Damning statistics

11th April 2013

Related Topics

Related tags

  • Generation ,
  • Conventional



Paul Suff reflects on what the latest statistics on the UK's carbon footprint and energy production reveal about how far away the reality of a low-carbon economy is

Preliminary figures from Decc show that UK greenhouse-gas (GHG) emissions were 3.5% higher in 2012 than in 2011, and CO2 emissions, which account for more than 80% of the country’s overall GHG output, were 4.5% higher.

Coal is largely responsible for the increase. The latest energy statistics, also from Decc, reveal that electricity generators, attracted by its low price, simply burned more coal than gas. Total demand for coal in 2012 was 64 million tonnes, more than 24% up on 2011 levels, while consumption by power companies was 31% higher.

The rises recorded in 2012 reverse a long-term trend that has seen UK emissions fall almost every year since 1990 – the baseline for major GHGs like CO2. So, are the 2012 figures just another of the occasional blips experienced over the past two decades as UK edges towards a low-carbon economy?

The answer to that question is probably yes, with many of the UK’s older coal-fired power stations, which are due to close by 2016, taking advantage of cheap fuel – the price they paid for coal in 2012 was 17% down on 2011 levels.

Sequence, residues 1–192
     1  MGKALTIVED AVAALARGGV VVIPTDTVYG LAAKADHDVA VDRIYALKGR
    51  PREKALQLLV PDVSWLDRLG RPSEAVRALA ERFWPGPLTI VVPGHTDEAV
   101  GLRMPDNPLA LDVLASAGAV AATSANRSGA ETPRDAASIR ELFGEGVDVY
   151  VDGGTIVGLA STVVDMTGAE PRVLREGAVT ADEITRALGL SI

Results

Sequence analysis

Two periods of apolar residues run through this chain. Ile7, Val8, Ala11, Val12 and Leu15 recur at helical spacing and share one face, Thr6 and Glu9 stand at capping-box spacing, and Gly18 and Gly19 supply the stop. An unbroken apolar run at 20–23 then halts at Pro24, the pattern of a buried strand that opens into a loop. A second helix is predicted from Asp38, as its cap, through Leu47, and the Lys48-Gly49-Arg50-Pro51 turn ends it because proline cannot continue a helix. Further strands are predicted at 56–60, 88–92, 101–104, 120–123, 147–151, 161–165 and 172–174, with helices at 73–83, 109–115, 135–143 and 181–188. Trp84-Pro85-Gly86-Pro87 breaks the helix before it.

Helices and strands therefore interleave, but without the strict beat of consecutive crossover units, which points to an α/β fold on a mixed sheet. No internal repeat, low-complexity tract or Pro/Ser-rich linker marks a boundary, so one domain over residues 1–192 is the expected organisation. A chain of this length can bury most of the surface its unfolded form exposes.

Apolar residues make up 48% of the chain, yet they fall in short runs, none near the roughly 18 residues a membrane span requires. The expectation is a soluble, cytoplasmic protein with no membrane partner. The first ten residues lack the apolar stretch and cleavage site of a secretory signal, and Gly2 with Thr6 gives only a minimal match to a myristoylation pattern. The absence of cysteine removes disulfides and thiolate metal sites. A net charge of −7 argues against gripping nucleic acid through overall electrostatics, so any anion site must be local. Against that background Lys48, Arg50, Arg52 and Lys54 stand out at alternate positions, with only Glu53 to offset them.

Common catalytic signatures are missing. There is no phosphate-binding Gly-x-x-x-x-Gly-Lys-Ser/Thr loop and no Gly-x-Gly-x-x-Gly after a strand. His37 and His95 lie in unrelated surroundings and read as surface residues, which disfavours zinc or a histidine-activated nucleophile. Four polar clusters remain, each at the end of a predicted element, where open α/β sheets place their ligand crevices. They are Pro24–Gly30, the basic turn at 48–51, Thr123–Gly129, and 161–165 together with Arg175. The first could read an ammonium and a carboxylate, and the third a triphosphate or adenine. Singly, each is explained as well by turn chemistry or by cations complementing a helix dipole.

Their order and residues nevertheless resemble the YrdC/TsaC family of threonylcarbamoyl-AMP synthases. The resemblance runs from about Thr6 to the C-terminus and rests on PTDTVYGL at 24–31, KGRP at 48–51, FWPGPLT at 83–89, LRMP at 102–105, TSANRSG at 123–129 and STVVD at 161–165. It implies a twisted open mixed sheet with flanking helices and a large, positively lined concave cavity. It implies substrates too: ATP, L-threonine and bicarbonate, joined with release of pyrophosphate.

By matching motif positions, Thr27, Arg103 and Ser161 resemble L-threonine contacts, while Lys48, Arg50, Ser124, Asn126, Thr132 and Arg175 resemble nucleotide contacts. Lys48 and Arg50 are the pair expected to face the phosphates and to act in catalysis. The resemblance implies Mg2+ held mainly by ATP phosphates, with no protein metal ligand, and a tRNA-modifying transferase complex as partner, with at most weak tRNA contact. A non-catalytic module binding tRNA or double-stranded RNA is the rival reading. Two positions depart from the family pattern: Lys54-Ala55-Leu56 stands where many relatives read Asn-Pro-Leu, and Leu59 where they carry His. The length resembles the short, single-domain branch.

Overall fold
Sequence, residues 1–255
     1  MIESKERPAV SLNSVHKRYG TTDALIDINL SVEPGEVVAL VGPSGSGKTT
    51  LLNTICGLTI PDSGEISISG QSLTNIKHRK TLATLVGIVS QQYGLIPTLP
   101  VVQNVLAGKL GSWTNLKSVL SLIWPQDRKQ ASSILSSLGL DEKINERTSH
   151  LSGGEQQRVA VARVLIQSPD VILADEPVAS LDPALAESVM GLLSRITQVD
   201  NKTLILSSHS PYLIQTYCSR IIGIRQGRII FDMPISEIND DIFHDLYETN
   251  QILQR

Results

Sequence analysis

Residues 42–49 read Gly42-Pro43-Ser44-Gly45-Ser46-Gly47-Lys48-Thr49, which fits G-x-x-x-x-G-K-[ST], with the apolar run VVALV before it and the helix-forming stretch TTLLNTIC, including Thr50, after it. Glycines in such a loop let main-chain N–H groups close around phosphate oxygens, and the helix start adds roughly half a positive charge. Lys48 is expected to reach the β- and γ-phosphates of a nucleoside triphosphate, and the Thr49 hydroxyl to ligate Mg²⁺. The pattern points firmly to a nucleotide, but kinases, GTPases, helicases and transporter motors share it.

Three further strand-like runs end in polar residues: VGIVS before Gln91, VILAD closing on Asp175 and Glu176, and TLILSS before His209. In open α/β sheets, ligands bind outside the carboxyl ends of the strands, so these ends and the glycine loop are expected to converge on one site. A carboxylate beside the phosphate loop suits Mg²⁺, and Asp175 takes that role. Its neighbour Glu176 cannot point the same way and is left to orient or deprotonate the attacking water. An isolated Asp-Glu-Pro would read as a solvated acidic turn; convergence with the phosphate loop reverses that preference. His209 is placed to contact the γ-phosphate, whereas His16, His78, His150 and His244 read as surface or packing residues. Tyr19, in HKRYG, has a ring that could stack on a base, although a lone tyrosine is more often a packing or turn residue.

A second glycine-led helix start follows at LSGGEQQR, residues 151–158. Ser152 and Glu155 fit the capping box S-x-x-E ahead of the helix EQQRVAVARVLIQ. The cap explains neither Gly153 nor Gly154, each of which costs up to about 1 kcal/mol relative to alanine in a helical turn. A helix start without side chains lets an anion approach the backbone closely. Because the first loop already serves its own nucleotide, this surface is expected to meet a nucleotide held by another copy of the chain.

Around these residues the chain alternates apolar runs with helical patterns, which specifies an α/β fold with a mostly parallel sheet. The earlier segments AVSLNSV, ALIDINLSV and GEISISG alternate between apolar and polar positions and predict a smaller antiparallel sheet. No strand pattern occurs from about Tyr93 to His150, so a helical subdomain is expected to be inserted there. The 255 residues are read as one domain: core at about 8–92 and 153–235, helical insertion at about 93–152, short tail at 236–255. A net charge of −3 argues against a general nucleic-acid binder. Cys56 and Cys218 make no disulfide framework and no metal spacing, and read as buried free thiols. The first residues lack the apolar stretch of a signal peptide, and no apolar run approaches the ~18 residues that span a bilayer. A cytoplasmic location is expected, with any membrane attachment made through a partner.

But whether the increase in emissions is a temporary deviation or not is neither here nor there when it comes to climate change. The CO2 pumped into the atmosphere last year will remain there for many years and affect the climate over the next few decades and beyond, leading to extreme weather events, including floods, droughts and storms, occurring more frequently.

The government’s outgoing chief scientific officer, John Beddington, recently told the BBC that weather patterns over the “next 20 or 30 years are going to be determined by what’s up there now”.

Decc’s GHG data refer only to emissions produced in the UK, not the emissions from all the goods and services we consume in the UK. Like most major developed countries, the UK is a net importer of embodied carbon emissions.

The latest figures from the office for national statistics (ONS) suggest that such emissions may also be rising. ONS calculates that the UK deficit on traded goods – transactions in general merchandise; goods for processing and those procured in ports by carriers; repairs on goods; and non-monetary gold – in 2012 was £106.3 billion, the highest on record.

Mark Twain famously said: “There are three kinds of lies: lies, damned lies and statistics.”

Unfortunately, the latest data on emissions, energy consumption and the trade deficit are not falsehoods and reveal just how far we still need to go to decarbonise the UK economy.


Subscribe to IEMA's newsletters to receive timely articles, expert opinions, event announcements, and much more, directly in your inbox.

Transform articles

EU and UK citizens fear net-zero delivery deficit

Support for net zero remains high across the UK and the EU, but the majority of citizens don't believe that major emitters and governments will reach their climate targets in time.